Now the verse continues and shows that they share not only a theology but a faith as well. " . . . even we have believed in Christ Jesus, in order to be justified by faith in Christ and not by works of the law, because by works of the law shall no flesh be justified." The point is this: even though we are natural, law-keeping Jews and not Gentile "sinners," still we both have come to stake our lives on Jesus Christ. We have trusted him. We have shown not just with our heads but with our hands and lives that if you try to work your way to heaven, you will fail. "By works of the law no flesh shall be justified!" We have ceased to hope in ourselves at all. We find no basis of justification in us. God has done it all in Christ on the cross. And in that we believe. In Christ we trust, not in ourselves and our works. The silent implication, then, of verse 15 is: Peter, since we share this glorious theology and have even endorsed it with our own faith, you dare not compel the Gentiles to live like Jews. You dare not imply that keeping the dietary laws is a work by which they can show themselves more worthy before God.

Is Christ the Agent of Sin?

Now in verse 17 we can hear the echo of an argument that the Judaizers or the men from James (2:12) probably used against Paul. They probably said: By encouraging Jews to neglect the laws of God (e.g., the ones Peter neglected when he ate with Gentiles) and thus to act like Gentile sinners, you are making Christ the agent of sin. Paul answers in verse 17, "But if in our endeavor to be justified in Christ we ourselves were found to be sinners, is Christ then an agent of sin? Certainly not!" It is utterly crucial that you see what Paul is admitting and what he is denying. He is admitting, first, that he and Peter and other Jewish Christians are seeking justification not in works of law but only in Christ. And he is admitting, second, that in doing this they become "sinners." Now here is where we must remember the limited meaning of "sinners" from verse 15. Paul means that when a Jew trusts Christ for justification, he is free from the Jewish ceremonial regulations and may, if he chooses, neglect the dietary laws in order to eat with Gentile brothers and sisters. But people who live like that are called "sinners" by the Judaizers. So Paul accepts the term in that limited sense. Yes, we are found to be "sinners" in this sense. That's what he admits.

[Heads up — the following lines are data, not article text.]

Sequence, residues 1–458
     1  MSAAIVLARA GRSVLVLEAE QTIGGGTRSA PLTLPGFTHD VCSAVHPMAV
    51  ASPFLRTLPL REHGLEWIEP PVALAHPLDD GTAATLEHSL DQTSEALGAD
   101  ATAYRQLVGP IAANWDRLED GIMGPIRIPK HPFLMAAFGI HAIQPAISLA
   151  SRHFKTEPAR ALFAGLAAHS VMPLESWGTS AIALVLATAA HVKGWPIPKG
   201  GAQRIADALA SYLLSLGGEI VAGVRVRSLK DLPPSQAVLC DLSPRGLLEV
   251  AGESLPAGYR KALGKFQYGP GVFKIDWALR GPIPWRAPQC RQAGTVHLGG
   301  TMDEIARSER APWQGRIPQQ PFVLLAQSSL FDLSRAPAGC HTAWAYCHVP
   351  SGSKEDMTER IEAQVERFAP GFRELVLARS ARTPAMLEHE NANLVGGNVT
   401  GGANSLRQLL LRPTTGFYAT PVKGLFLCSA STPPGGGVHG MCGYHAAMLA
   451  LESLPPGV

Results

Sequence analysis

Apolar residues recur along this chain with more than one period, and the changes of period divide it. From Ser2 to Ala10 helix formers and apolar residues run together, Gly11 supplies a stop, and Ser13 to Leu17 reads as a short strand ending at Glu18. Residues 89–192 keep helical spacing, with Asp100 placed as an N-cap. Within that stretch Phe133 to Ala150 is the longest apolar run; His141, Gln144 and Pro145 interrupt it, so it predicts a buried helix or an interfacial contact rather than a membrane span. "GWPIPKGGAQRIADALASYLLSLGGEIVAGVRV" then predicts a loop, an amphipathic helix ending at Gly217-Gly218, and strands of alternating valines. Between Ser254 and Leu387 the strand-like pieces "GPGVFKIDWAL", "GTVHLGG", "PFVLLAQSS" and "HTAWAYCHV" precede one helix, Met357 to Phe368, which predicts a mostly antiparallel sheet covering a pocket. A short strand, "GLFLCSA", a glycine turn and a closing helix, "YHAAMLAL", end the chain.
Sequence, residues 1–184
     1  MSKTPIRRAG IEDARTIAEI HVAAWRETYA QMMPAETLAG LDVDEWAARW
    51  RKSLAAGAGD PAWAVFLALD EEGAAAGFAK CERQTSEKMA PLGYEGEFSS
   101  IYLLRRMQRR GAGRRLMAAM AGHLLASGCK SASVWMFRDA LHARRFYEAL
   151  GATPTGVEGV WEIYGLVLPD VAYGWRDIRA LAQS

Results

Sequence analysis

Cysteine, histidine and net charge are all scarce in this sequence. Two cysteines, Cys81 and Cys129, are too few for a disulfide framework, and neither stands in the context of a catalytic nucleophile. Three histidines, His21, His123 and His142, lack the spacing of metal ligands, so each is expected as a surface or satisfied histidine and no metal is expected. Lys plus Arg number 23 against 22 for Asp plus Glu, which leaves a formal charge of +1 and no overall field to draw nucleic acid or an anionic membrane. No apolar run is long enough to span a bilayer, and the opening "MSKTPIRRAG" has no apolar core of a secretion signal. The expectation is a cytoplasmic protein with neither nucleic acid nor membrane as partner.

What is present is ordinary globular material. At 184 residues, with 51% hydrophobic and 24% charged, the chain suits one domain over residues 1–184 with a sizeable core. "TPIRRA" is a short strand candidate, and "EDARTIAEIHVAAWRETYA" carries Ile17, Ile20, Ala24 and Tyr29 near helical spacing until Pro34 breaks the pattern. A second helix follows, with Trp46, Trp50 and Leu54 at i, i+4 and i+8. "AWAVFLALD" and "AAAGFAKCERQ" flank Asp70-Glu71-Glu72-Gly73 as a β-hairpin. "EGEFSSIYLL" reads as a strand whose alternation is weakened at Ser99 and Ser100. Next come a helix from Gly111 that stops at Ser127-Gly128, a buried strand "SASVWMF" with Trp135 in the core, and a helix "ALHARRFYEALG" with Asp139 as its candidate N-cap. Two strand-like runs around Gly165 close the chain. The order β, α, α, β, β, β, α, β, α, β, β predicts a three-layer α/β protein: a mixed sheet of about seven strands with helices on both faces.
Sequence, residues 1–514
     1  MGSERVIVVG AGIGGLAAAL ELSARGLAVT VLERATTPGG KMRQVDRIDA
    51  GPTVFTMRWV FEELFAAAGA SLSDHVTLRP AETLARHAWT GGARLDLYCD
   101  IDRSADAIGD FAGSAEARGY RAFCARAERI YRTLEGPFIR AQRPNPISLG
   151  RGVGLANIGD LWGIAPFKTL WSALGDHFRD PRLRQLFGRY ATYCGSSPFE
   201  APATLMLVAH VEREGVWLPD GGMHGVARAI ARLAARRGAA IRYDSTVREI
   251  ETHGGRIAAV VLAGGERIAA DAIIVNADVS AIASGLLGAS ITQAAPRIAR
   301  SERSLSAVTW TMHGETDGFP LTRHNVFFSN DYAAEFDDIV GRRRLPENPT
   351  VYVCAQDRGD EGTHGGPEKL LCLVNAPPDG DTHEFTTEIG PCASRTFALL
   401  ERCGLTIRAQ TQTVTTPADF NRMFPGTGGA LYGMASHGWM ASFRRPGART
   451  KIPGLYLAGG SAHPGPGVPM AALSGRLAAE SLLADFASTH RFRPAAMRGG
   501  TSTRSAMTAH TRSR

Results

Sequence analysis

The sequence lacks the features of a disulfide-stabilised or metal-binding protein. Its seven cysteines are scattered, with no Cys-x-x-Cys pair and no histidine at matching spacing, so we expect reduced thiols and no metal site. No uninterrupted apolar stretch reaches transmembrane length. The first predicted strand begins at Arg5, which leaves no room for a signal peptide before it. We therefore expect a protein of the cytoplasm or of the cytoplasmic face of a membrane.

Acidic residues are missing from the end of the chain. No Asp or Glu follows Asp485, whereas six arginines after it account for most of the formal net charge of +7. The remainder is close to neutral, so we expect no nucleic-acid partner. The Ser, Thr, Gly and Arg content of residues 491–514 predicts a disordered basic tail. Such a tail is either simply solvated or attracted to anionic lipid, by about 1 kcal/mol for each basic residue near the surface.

But he denies emphatically that this makes Christ an agent of sin. Why? Because it is not sin to be a "sinner" in this sense. It is not sin to free yourself from the ceremonial Jewish laws in order to walk in love toward Gentile Christians. It is not sin to stop depending on works. Christ is not the agent of sin. He is the agent of freedom. Freedom for God, and freedom for love. That's Paul's answer to the Judaizers: Yes, Christ frees us from the works of law; no, he is not thereby an agent of sin.

What Paul Has Torn Down

Now in verses 18–20 Paul supports his answer. Verse 18 begins with "for" in Greek (RSV: "But"; NIV omits; NASB and KJV: "For"), being Paul's argument for why Christ is no agent of sin when he frees us from dependence on law. "For if I build up again those things which I tore down, then I prove myself a transgressor." What had Paul torn down in the preceding verse? It's clear, isn't it? In seeking to be justified in Christ, Paul had torn down the law as a means of justification. But mind you, the law of Moses never taught justification by works. What Paul tore down was not the law as Moses preached, but as many Pharisees used it.